Dimethyltryptamine (or DMT) is a psychedelic drug that can induce out of body or near death experiences, intense hallucinations and even apparent alien abductions. If you smoke it, you will appear to pass out for several minutes, where you'll have euphoric insights into other dimensions. In the US, Dimethyltryptamine is classed as an illegal Schedule I drug.
Yet, according to a study by Alexander Shulgin, we produce DMT in our bodies naturally. This conclusion is based on that fact that volunteers didn't build up a biological tolerance over time. What is this mysterious substance and how is it connected with dreams, death and OBEs? Here we'll explore the facts of The Spirit Molecule.
According to Dr Rick Strassman, author of DMT: The Spirit Molecule (also now a feature length movie), Dimethyltryptamine is a naturally occurring neurotransmitter similar in structure to serotonin. He theorizes that it is created in trace amounts by the pineal gland during normal metabolism, and may be released in massive amounts during birth, death, hallucinations and dreams.
This psychedelic drug is found in many plants used by South American shamans. It is also used in certain religious practices, presumably for its ability to induce divine insights, visions and feelings of euphoria. Strassman's studies have even linked high doses of DMT with the perception of alien entities from alternate realities.
Between 1990 and 1995, Dr Rick Strassman studied the effects of this extremely short-acting yet intense psychoactive compound using human test subjects. The research generated a wealth of biological and psychological data, much of which was published in scientific journals. So Strassman decided to publish individual accounts from the human volunteers in his book, DMT: The Spirit Molecule.
His DMT experiments shone a whole new light on unexplained phenomena such as alien abductions. Strassman even reproduced mystical and religious experiences with the psychedelic drug. Skeptics can say, then, that this drug is merely a hallucinogen. It makes you see things that aren't there. And it explains thousands of historical accounts of paranormal phenomena in one fell swoop.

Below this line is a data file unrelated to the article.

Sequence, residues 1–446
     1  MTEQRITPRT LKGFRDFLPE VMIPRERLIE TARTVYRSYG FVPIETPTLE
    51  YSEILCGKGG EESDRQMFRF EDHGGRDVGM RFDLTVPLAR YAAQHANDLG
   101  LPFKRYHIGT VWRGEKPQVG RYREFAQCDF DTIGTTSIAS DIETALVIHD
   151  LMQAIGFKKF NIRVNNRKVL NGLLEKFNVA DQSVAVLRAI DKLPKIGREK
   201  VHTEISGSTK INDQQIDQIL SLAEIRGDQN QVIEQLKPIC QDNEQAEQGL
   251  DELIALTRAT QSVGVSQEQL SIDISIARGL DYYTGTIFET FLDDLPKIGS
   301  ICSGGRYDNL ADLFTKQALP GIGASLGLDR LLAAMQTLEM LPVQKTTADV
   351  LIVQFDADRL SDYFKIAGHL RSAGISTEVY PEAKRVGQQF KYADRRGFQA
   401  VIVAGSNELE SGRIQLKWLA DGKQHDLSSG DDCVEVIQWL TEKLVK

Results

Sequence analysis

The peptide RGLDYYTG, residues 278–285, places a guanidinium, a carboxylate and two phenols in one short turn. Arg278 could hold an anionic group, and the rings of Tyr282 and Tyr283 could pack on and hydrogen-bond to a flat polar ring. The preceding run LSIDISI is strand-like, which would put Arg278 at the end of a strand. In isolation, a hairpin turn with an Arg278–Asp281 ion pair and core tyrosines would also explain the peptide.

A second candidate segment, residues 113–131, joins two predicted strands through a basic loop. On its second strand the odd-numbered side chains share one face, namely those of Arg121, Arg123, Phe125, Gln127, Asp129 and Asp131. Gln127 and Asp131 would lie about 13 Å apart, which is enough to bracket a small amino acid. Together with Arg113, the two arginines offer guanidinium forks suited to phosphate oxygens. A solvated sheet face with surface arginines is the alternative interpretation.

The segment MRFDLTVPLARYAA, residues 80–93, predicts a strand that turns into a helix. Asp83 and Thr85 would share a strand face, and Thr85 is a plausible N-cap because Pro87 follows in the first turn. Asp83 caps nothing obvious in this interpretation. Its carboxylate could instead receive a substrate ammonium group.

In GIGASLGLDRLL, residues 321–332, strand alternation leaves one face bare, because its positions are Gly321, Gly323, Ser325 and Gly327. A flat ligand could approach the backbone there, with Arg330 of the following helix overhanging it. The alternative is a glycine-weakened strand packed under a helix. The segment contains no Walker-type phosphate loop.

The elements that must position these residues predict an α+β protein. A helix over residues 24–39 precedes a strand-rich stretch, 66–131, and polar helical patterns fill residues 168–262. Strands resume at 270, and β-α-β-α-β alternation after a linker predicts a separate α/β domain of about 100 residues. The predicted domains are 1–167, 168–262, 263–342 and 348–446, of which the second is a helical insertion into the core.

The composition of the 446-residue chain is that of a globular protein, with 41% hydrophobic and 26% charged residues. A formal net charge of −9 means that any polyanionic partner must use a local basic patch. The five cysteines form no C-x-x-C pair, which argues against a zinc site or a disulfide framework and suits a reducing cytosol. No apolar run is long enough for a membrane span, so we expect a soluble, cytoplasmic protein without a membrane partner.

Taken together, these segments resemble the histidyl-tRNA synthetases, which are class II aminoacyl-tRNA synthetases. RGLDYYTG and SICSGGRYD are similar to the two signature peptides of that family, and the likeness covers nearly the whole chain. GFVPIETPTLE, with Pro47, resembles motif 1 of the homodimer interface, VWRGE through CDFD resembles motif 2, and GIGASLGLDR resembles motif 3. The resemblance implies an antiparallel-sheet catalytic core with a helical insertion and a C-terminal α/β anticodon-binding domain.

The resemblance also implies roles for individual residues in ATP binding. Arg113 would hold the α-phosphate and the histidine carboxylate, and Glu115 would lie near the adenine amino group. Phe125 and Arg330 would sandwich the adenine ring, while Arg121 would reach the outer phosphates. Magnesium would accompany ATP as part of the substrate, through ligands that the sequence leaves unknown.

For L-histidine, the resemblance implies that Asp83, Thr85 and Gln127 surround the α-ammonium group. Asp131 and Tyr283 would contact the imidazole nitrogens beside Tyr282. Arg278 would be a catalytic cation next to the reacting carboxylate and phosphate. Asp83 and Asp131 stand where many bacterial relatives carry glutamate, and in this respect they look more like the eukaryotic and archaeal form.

On the other hand, the experiments provided new and startling information. Volunteers described bizarre visions of alien life forms - even subjects that wanted and fully expected to see angels and fairies saw other-worldly beings. It provokes the question: is DMT like a door to an alternate reality? Does it facilitate lucid dreams, the out-of-body state and glimpses into other dimensions?
Here are some more interesting DMT experiences - both from the Strassman experiments and from recreational users who have published online.
"I felt the DMT release my soul's energy and push it through the DNA. It's what happened when I lost my body. There were spirals that reminded me of things I've seen at Chaco Canyon. Maybe that was DNA. Maybe the ancients knew that. The DNA is backed into the universe like space travel. One needs to travel without one's body. It's ridiculous to think about space travel in little ships."
- Sara, a volunteer in Dr Strassman's DMT research
"There was no turning back. After a moment or two I became aware of something happening to my left. I saw a psychedelic, Day-Glo-colored space that approximated a room whose walls and floor had no clear separations or edges. It was throbbing and pulsing electrically. Rising in front of "me" was a podium-like table. It seemed that some presence was dealing/serving something to me. I wanted to know where I was and "sensed" the reply that I had no business there. The presence was not hostile, just somewhat annoyed and brusque."
- Aaron, a volunteer in Dr Strassman's DMT research
"The first thing I noticed was a burning in the back of my neck. Then there was this loud intense hum. It was like the fan at first, but separate. It began engulfing me. I let go into it and then... WHAM!
I felt like I was in an alien laboratory, in a hospital bed like this... A sort of landing bay, or recovery area. There were beings...
They had a space ready for me. They weren't as surprised as I was. It was incredibly un-psychedelic. I was able to pay attention to detail. There was one main creature, and he seemed to be behind it all, overseeing everything. The others were orderlies, or dis-orderlies.
They activated a sexual circuit, and I was flushed with an amazing orgasmic energy. A goofy chart popped up like an X-ray in a cartoon, and a yellow illumination indicated that the corresponding system, or series of systems, were fine. They were checking my instruments, testing things. When I was coming out, I couldn't help but think 'aliens'.